Montana State University

MSU grad from Gardiner now rising star in Japanese studies

December 10, 2010 -- By Evelyn Boswell, MSU News Service


Gardiner native Chad Diehl recently published a book of poetry written by a double survivor of the atomic bombs dropped on Hiroshima and Nagasaki, Japan. (MSU photo by Kelly Gorham).   High-Res Available

Subscribe to MSU Newsletters


Bobcat Bulletin is a weekly e-newsletter designed to bring the most recent and relevant news about Montana State University directly to friends and neighbors via email. Visit Bobcat Bulletin.

MSU Today e-mail brings you news and events on campus thrice weekly during the academic year. Visit the MSU Today calendar.

MSU News Service
Tel: (406) 994-4571
msunews@montana.edu
BOZEMAN -- A Gardiner native who used to clean up after elk and bison that wandered out of Yellowstone National Park is now a rising star in Japanese studies.

Crediting Montana State University faculty with fostering his love of education, offering fascinating classes and encouraging him to pursue his passion, Chad Diehl said, "If you have the right combination of an educational setting and professors who really care about teaching, you give students the tools to fulfill their dreams. MSU really helped me do that."

Diehl, an MSU history major who graduated in 2003, recently published a book containing 65 poems written by a double survivor of the atomic bombs dropped on Hiroshima and Nagasaki. As an MSU student, he won a Fulbright Fellowship to study in Japan for a year. He later received full funding to become a graduate student at Columbia University in New York City. He is finishing up his doctoral work now.

New York City and Japan are a long way from Gardiner where Diehl proudly grew up in a working class family and became a high school football player who preferred opponents who ran on two legs instead of four.

Diehl still remembers shooing elk away from the football field and the coach calling a game warden to deal with the more dangerous bison. Even as nose tackle on the eight-man football team that won the 1997 Class C state championship, Diehl once spent two days cleaning up the football field after wildlife had used it as an outhouse.

"That was a lot of dung," he recalled.

His journey to Japan began at MSU, Diehl said.

Diehl enrolled in MSU's sociology and justice studies program, but said his plans changed dramatically after he decided to take a course in foreign languages. Choosing Japanese because he had heard it was the hardest language, Diehl took his first class from Yuka Hara, in the Department of Modern Languages and Literatures. The following year, he attended Kumamoto Gakuen University as an exchange student.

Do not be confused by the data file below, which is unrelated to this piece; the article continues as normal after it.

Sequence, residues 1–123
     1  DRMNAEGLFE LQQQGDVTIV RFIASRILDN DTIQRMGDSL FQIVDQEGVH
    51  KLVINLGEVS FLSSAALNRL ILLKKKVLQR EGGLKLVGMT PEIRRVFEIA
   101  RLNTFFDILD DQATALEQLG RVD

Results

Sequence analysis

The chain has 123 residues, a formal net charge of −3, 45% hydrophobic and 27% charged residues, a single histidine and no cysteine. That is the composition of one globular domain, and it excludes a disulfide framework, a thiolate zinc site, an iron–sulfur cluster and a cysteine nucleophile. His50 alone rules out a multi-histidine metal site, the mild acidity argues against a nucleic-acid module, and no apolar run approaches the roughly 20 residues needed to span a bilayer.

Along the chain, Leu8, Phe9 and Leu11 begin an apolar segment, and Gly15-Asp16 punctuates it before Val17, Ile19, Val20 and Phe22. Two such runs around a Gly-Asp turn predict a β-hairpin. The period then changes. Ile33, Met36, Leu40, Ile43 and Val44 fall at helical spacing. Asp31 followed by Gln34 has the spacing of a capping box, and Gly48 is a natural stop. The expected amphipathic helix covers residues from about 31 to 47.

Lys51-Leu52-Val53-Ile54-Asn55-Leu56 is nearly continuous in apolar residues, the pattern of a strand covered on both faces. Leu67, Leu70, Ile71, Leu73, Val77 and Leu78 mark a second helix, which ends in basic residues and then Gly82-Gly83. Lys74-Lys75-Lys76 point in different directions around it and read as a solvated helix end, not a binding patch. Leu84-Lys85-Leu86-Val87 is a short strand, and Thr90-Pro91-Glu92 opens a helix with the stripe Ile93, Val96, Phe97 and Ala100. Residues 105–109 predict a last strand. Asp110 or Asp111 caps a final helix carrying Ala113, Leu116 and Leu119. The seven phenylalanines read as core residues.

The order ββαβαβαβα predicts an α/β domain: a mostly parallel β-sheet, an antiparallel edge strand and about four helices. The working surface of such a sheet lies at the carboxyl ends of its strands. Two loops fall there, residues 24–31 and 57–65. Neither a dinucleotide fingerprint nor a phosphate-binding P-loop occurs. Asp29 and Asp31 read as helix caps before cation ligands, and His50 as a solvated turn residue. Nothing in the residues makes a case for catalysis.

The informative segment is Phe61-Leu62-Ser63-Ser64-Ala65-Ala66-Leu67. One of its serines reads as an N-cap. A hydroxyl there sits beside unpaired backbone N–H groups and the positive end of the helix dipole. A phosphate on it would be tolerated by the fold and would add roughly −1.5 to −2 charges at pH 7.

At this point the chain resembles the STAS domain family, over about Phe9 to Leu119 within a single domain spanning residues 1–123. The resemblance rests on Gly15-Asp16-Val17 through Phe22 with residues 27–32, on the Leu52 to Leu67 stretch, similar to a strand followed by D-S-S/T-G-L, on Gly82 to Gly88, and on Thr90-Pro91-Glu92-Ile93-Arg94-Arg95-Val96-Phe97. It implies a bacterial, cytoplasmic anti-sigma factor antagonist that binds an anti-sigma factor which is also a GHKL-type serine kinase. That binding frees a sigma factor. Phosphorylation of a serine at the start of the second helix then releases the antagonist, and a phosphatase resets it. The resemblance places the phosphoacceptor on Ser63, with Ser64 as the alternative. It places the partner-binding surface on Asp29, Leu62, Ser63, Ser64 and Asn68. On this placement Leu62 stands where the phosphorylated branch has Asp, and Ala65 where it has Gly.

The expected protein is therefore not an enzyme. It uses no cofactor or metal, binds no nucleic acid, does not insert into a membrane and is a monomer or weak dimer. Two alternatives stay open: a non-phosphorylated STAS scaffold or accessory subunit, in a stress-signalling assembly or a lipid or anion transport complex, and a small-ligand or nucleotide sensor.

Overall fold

When Diehl returned to MSU, he continued to study Japanese. He also took courses from Brett Walker, current head of MSU's Department of History and Philosophy and an expert in the environmental history of Japan.

In the process, "I discovered that education is wonderful," Diehl said. "It can really be fun if you pursue what you are interested in and have professors that make it interesting."

Pursuing Japanese studies in Montana isn't as unusual as one might think, Diehl added. Mike Mansfield, after all, served as U.S. ambassador to Japan after serving as U.S. Senator from Montana. Largely because of Mansfield, Montana developed close ties with the Kumamoto Prefecture in Japan.

As a result of Hara's and Walker's encouragement, Diehl graduated with a major in history and a minor in Japanese studies. Because of his senior thesis, he won a Fulbright Fellowship that sent him to Nagasaki University to study atomic bomb history and literature. He is now finishing his doctoral work in modern Japanese history and continues to do translation work on the side. He plans to become a professor in Japanese or East Asian history and also work in international relations.

"Because Chad is a first generation university student, the sky was the limit for him," Walker said. "He is a splendid example of the long touch of the land-grant university. He is doing well in the field because he is smart, but also because he is modest and has no sense of entitlement. He has a strong Montana work ethic."

Hara said, "Mr. Diehl is doing so well in the field because he is deeply interested in the Japanese language as well as Japan's cultures and peoples. Also, he is an open-minded person and always wants to challenge the new things. He thinks independently as well, but always has time to listen to what others have to say."

Diehl said MSU was vital to his success.

"It just opened so many doors for me," he said.

One opportunity was meeting Tsutomu Yamaguchi , one of more than100 survivors who experienced both atomic bombings, Diehl said. Yamaguchi dealt with the trauma, in part, by writing poetry. Diehl got permission to translate and publish some of those poems after meeting Yamaguchi about four years ago. Yamaguchi died in January 2010, just a few months before Diehl published Raft of Corpses.

It was an honor to publish the poems, Diehl said, adding that it was also a privilege to study with Hara and Walker.

"I was really lucky to have them as professors," he said.

Evelyn Boswell, (406) 994-5135 or evelynb@montana.edu